Strawberries have no specific requirements in terms of soil type. Fields and tunnels should be well drained and relatively flat with no frost pockets.
Yields are usually slightly higher on heavy soils with a greater water holding capacity. However, light soils warm up faster so that flowering is earlier. In these situations frost protection may be more important.
Light or sandy soils do have advantages in that harvest is earlier, helping the grower catch an early market. These soils also have fewer problems with root diseases.
Soils that have previously grown potatoes or other Solanaceous species should be avoided to reduce the risks of Verticillium wilt and Rhizoctonia solani in the strawberry crop. Strawberries that follow grass can also be subject to greater pest attack from grubs, so planting is commonly delayed for a year, giving the grower a better chance of controlling weeds as well.
Strawberries prefer slightly acid soils with a pH value between 5.5 (light soil) to 6.8 (heavy soil). As a result, liming is not common in strawberry production. In soils with a higher organic matter content strawberries can tolerate a slightly lower pH. When the soil pH drops below 5.5, magnesium, calcium, phosphorus and molybdenum availability drops, so supplies need to be maintained. At pH levels above 7.0, zinc, manganese and iron can become deficient.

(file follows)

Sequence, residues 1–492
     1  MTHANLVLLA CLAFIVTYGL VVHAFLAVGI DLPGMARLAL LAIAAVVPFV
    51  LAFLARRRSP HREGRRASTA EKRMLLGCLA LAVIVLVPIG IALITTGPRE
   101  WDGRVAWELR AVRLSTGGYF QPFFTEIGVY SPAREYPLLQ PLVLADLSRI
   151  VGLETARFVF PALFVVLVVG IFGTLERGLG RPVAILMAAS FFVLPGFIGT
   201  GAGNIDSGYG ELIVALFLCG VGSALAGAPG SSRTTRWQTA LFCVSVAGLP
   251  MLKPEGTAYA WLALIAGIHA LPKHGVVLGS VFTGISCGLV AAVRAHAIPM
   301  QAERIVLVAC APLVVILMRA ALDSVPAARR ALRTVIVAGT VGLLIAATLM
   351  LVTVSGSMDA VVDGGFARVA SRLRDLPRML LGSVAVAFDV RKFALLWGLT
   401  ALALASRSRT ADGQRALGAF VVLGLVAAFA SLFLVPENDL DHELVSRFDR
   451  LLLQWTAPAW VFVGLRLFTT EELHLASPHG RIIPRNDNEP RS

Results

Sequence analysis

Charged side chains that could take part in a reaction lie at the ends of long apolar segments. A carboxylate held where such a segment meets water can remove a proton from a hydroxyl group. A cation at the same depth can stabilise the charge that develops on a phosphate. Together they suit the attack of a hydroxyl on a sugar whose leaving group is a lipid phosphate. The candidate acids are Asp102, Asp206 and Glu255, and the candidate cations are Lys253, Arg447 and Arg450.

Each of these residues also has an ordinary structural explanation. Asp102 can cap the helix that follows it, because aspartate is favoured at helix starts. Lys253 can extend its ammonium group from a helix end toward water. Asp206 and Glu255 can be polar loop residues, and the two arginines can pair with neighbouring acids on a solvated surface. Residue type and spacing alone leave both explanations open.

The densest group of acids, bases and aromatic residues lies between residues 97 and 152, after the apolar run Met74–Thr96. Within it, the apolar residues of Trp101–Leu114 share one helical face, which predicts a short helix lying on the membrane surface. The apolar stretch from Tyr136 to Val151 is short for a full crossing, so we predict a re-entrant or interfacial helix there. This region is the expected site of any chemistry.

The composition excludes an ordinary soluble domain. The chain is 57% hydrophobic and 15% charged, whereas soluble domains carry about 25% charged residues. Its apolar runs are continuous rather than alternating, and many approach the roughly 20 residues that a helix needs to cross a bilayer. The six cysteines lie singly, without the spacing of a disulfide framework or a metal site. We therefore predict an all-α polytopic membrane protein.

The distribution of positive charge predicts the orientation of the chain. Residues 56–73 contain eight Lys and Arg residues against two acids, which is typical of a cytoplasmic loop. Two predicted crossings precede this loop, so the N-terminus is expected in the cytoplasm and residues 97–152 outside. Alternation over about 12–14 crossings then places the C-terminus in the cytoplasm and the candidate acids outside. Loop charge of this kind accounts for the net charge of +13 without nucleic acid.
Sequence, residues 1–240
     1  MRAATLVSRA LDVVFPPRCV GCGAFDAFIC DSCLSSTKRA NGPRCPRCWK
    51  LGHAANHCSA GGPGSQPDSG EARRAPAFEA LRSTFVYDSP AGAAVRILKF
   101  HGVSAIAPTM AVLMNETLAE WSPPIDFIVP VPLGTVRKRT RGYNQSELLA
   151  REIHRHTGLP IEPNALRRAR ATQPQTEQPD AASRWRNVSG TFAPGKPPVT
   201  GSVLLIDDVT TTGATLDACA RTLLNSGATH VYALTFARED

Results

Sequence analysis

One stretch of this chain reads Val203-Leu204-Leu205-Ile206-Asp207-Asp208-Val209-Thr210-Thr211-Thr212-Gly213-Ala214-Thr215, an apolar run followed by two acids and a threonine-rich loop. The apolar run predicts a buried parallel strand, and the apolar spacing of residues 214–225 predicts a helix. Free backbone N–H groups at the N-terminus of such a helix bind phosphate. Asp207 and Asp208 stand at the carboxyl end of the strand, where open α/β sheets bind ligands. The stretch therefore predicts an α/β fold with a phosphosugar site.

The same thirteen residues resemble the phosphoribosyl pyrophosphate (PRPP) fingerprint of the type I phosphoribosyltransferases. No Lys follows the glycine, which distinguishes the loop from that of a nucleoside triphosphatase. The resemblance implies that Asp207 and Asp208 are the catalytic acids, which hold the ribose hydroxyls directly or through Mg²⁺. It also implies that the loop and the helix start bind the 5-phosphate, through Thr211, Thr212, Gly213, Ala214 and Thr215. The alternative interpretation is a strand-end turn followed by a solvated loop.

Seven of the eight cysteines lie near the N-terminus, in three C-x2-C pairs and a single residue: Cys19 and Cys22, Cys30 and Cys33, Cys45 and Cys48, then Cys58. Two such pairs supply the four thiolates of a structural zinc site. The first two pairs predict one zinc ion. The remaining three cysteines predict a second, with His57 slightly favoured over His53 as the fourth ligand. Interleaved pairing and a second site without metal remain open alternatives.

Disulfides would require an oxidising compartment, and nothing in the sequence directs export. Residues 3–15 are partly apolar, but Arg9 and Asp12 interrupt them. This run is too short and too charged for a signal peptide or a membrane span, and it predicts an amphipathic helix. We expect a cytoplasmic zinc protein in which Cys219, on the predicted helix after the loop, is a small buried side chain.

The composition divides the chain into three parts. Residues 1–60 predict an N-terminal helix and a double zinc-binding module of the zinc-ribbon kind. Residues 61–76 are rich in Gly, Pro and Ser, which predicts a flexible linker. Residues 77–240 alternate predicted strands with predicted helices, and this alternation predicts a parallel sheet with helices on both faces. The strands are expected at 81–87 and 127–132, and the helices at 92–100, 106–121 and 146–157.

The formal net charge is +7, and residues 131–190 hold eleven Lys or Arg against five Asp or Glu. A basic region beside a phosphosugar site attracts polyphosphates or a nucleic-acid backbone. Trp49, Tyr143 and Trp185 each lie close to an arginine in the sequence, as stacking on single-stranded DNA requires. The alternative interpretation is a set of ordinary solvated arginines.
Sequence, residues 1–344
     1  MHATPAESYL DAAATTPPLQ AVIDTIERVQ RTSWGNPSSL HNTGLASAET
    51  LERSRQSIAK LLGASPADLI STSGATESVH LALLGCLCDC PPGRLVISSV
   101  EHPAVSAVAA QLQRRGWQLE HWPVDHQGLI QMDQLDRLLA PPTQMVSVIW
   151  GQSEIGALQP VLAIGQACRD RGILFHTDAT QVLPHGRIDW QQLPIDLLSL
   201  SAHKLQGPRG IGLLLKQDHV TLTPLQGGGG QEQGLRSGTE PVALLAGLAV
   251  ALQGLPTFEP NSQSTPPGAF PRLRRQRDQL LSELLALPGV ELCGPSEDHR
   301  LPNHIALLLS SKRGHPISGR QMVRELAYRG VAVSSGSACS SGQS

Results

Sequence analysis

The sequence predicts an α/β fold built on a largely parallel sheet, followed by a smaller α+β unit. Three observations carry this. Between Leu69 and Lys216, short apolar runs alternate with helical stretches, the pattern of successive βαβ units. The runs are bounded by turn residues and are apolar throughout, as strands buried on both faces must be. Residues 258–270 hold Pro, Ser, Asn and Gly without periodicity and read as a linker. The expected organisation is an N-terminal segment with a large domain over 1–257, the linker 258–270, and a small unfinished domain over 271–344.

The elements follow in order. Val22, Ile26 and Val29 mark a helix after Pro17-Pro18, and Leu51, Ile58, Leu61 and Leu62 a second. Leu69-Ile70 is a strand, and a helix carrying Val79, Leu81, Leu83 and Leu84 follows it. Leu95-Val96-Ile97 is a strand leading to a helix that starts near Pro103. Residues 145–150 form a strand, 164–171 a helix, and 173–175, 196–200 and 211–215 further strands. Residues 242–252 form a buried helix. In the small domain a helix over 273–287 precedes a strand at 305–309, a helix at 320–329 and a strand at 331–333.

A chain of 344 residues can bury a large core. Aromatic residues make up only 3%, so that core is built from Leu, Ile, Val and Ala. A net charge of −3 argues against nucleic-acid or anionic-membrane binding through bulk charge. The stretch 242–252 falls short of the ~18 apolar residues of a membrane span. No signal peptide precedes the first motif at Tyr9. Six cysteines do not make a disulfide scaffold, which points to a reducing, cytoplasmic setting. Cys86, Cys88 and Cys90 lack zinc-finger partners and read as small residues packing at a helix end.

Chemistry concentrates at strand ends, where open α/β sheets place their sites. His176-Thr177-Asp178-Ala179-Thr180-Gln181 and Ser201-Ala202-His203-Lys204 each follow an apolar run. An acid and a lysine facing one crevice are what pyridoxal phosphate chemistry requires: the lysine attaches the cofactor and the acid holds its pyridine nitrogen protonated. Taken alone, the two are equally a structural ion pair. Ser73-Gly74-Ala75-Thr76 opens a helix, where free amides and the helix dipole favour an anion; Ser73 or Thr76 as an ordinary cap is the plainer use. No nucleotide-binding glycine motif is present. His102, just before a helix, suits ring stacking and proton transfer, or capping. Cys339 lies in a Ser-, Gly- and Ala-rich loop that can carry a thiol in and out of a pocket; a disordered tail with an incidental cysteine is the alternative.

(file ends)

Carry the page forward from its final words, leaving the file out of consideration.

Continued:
Strawberries are very sensitive to salinity.
All irrigation water contains dissolved mineral salts, but the concentration and composition varies. Water with the highest concentrations will cause the greatest salinity issues. Once the salinity of the irrigation water exceeds an ideal EC level of 0.7mS/cm, yield losses will occur and at much higher ECs, yields are significantly reduced.
Salinity symptoms are commonly seen as dry and brown leaf margins, brittle leaves, stunted plant growth, or even dead roots and plants. Poor irrigation management can also lead to a build-up of salts around the roots, so it is important to flush these out of this zone.
The salinity level in the root zone is directly related to water quality, fertilizer rate and the depth of irrigation application.
It is possible to predict potential yield loss using the following equation derived by Maas and Hoffman (1977):